Even though our mothers wouldn’t let us forget it years ago, it seems Americans need to be reminded that “There are starving children in Africa!” Only 60% of the food made in the United States ever gets eaten, according to a new report from the National Resources Defense Council (NRDC). Titled Wasted: How America is Losing Up to 40 Percent of Its Food from Farm To Fork to Landfill, the report estimates the economic value of the food we throw away annually at $165 billion.

“As a country, we’re essentially tossing every other piece of food that crosses our path—that’s money and precious resources down the drain,” said Dana Gunders, NRDC project scientist with the food and agriculture program. The report places this level of food waste in the context of rising food prices and drought in key agricultural areas. Findings were derived from analysis of government data and recent case studies on how food is wasted, and how much, at different points in the supply chain.

Beyond the startling overall amount of waste, the report found that the average family of four in America throws away an equivalent of $2,275 in food annually. If the amount of food wasted were reduced by 15%, it would be enough to feed 25 million Americans for a year. The report also found that there has been a 50% increase in U.S. food waste since the 1970s, making food waste the largest single component of solid waste in the nation’s landfills.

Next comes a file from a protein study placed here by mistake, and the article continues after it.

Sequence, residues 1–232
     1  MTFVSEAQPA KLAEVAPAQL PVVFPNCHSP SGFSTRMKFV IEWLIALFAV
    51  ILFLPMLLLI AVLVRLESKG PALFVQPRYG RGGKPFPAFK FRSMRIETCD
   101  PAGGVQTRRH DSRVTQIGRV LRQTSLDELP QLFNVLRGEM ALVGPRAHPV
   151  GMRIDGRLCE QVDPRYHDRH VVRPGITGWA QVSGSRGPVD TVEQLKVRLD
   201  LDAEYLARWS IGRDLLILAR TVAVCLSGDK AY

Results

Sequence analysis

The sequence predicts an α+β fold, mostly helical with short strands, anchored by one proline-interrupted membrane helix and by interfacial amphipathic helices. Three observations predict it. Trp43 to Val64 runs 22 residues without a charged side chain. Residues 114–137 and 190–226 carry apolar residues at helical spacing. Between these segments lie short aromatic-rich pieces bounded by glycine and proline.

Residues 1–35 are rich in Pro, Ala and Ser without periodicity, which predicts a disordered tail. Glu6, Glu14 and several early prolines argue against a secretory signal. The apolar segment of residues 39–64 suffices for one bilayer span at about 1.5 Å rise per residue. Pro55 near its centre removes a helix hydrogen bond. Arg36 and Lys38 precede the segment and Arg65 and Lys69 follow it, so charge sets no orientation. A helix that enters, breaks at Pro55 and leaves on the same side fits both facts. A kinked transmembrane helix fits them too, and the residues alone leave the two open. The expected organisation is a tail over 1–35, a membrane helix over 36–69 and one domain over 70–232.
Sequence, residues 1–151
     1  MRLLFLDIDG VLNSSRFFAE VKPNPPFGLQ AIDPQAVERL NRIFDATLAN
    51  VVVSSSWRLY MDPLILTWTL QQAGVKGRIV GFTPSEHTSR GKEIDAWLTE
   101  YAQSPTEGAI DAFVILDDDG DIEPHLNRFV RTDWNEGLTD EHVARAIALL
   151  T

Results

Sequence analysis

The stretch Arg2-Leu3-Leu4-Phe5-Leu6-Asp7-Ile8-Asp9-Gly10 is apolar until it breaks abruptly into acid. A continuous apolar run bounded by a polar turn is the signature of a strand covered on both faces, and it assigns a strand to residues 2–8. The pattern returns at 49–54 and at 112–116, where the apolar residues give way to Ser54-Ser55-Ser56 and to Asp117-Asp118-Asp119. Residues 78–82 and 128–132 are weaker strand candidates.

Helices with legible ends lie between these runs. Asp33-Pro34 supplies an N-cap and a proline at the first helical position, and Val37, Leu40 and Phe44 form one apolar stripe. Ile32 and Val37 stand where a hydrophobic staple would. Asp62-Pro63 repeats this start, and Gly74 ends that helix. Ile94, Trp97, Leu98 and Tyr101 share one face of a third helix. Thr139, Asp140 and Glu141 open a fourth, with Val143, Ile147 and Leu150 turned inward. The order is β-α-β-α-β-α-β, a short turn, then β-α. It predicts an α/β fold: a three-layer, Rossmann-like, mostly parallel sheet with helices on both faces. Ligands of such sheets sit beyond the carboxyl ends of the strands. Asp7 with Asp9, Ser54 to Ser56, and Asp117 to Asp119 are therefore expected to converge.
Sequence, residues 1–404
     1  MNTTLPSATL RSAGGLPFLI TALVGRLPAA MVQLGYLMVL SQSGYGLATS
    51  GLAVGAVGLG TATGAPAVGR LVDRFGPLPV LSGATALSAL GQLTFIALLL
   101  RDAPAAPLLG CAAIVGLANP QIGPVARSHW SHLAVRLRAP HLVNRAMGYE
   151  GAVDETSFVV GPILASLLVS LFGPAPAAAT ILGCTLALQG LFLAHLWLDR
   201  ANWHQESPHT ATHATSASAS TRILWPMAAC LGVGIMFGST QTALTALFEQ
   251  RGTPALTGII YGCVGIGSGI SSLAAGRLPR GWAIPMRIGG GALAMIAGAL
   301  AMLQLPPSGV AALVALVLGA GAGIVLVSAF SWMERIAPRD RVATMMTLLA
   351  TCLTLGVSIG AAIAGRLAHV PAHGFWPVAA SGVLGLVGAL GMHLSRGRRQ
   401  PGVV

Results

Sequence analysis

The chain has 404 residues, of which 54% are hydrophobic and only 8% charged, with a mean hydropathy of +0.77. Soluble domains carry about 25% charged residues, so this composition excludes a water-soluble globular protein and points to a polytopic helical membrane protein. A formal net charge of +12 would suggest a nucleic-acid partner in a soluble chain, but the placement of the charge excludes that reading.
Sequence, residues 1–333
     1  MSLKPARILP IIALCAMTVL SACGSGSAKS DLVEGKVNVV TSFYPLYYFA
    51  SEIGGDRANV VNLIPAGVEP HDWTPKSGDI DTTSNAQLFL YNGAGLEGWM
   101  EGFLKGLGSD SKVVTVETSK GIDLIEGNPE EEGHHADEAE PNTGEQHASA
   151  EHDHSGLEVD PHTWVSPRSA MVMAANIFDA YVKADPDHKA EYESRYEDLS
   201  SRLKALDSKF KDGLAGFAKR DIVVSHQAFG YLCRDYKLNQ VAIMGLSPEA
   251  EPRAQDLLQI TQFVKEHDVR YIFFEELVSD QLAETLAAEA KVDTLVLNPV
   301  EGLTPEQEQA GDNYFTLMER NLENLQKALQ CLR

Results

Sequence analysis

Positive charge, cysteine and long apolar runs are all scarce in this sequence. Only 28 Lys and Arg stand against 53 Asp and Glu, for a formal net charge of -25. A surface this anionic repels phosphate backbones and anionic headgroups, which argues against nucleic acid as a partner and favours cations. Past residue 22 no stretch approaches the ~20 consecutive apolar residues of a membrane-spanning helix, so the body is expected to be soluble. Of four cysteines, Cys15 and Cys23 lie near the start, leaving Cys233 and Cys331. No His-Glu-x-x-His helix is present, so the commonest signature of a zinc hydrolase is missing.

The report also points to the retail level as a major area of concern, before food ever reaches the home. It estimates that grocery stores and other retailers are losing up to $15 billion per year in unsold fruits and vegetables, or about half of the nationwide supply. One NRDC suggestion to cut down on this phenomenon is to reduce unnecessary overabundance in the produce displays that retailers put out, which inevitably leads to spoiled and wasted food.

Excessively large portions in restaurants and in homes, as well as uneaten leftovers, are another big part of the problem. The report notes that today’s portion sizes are often two to eight times larger than those recommended by the government.

A three-pronged approach to reducing food waste is necessary, says NRDC. The government needs to study the issue, retailers and related businesses need to streamline their operations, and consumers need to shop more wisely and plan better, including an awareness of when food will go bad. The report points to the aggressive stance Europe has taken on the issue as an example, with the European Parliament passing a resolution at the beginning of 2012 to cut food waste in half by the year 2020.

“No matter how sustainably our food is farmed, if it’s not being eaten, it is not a good use of resources,” Gunders said. “Fortunately, there are ways to tackle the food waste problem, and everyone can play a role.”

Published in WholeFoods Magazine, October 2012